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As much as we all like to indulge in a stiff drink, the production, packing and distribution of your favorite hooch leaves one hell of a carbon footprint. According to a study by the Beverage Industry Environmental Roundtable (BIER), a single 750mL bottle of liquor produces more than six pounds of CO2, which is the equivalent of six giant exercise balls full of carbon dioxide for every bottle of booze you drink.
Thankfully, some companies have gotten hip to the cause and are taking major steps toward reducing their impact on the planet. Below are five ways some environmentally conscious brands are minimizing their carbon footprints so you can imbibe with a clear conscience.
Dad’s Hat, a Bristol, Pa., “Good Food” award winner, uses locally grown rye, which founder and distiller Herman Mihalich calls an “inherently sustainable ingredient,” as it helps prevent soil erosion and requires minimal fertilizer.
Similarly, Charleston, S.C.’s Striped Pig Distillery sources corn and native heirloom grains from local farms and sugar cane from nearby Savannah, Ga. “Sourcing locally not only lets us take advantage of local terroir but also lowers our costs and reduces our carbon footprint,” says owner Todd Weiss. “It’s a win-win.”
Sourcing locally isn’t just a strategy of small distilleries. All of Maker’s Mark corn and wheat comes from farms located within 30 miles of its Kentucky facility.
At Prohibition Distillery in Roscoe, N.Y., founder and distiller Brian Facquet says, “Nothing is wasted or thrown away.” The distillery gives spent mash and carbon from the distilling process to local farmers for feed and fertilization, as do Striped Pig, Dad’s Hat and Big Springs Spirits in Victorian Bellefonte, Pa. The latter’s owner, Paula Cipar, calls it “a farm-back-to-farm practice.”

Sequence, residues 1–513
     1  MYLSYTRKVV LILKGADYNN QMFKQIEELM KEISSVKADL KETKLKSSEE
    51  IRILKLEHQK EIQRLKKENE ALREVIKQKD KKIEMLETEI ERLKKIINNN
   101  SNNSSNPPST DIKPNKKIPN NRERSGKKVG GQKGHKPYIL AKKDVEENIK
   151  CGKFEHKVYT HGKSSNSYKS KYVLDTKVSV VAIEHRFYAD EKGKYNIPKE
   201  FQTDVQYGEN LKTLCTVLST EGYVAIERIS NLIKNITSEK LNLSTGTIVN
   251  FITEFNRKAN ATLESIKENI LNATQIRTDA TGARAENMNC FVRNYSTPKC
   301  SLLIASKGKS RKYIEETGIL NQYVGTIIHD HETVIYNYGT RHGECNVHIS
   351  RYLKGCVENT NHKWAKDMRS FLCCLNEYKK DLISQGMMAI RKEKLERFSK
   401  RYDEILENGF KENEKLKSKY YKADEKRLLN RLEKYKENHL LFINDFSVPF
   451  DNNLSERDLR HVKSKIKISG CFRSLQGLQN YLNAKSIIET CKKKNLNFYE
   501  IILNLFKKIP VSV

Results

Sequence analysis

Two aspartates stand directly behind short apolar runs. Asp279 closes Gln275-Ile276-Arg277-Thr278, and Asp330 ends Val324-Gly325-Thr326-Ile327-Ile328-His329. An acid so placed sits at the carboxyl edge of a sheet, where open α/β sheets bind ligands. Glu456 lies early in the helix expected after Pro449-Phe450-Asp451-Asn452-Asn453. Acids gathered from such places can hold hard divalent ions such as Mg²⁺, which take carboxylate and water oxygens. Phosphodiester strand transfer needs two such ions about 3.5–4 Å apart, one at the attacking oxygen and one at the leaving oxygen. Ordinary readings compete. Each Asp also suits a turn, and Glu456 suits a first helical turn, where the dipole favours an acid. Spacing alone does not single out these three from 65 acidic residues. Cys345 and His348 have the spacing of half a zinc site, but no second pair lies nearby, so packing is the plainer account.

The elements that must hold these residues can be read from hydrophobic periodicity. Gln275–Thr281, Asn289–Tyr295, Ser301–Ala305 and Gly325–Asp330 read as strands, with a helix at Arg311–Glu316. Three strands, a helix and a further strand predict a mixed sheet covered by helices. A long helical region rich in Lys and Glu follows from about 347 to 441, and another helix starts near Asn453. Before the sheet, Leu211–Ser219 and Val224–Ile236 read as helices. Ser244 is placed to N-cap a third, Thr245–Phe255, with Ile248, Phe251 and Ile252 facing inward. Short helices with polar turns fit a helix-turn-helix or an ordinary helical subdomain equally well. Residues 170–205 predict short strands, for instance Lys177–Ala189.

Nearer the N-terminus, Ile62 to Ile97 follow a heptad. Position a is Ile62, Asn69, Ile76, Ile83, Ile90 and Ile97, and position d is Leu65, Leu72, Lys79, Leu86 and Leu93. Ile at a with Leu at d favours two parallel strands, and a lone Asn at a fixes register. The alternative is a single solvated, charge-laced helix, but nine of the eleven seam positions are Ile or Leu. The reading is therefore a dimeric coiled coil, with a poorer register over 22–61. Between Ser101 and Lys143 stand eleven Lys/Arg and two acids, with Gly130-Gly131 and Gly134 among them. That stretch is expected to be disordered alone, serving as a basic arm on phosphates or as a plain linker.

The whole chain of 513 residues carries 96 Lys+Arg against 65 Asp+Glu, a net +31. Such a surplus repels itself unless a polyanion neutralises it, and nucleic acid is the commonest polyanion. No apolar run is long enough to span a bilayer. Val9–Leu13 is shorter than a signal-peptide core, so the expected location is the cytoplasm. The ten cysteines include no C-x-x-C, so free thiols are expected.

Prohibition also heats its building, a 1929 firehouse and former VFW hall, with reclaimed water from the distilling process.
Sombra Mezcal has worked with architects at the Consultorio de Asesoría Arquitectónica (COAA) to make adobe bricks using its agave waste that are then used for rebuilding earthquake damage in the Sierra Mixe district of Oaxaca in Mexico.
At Striped Pig, a closed-loop glycol water system helps eliminate waste and reclaims condensing water for use in other parts of the process like fermentation and chilling mash. According to co-owner Andy Nelson of Nelson’s Green Brier Distillery in Nashville, a similar closed-loop system saves an estimated “500 to 550 gallons of water” per twice-daily run.
Some companies have cut waste by simply cutting the places to dump it. Five years ago, Jack Daniel’s pulled every single dumpster from the premises, according to senior vice president and general manager Larry Combs. The reason? To make employees reconsider throwing away materials that could be recycled. These hypervigilant measures help the company ensure that less than 1 percent of its waste ends up in a landfill.
Many distilleries take advantage of their surroundings to save energy and reduce their environmental impact. At Striped Pig, large windows and skylights provide generous light nine months out of the year, and the facility doesn’t have heating or air-conditioning in its 5,000-square-foot warehouse.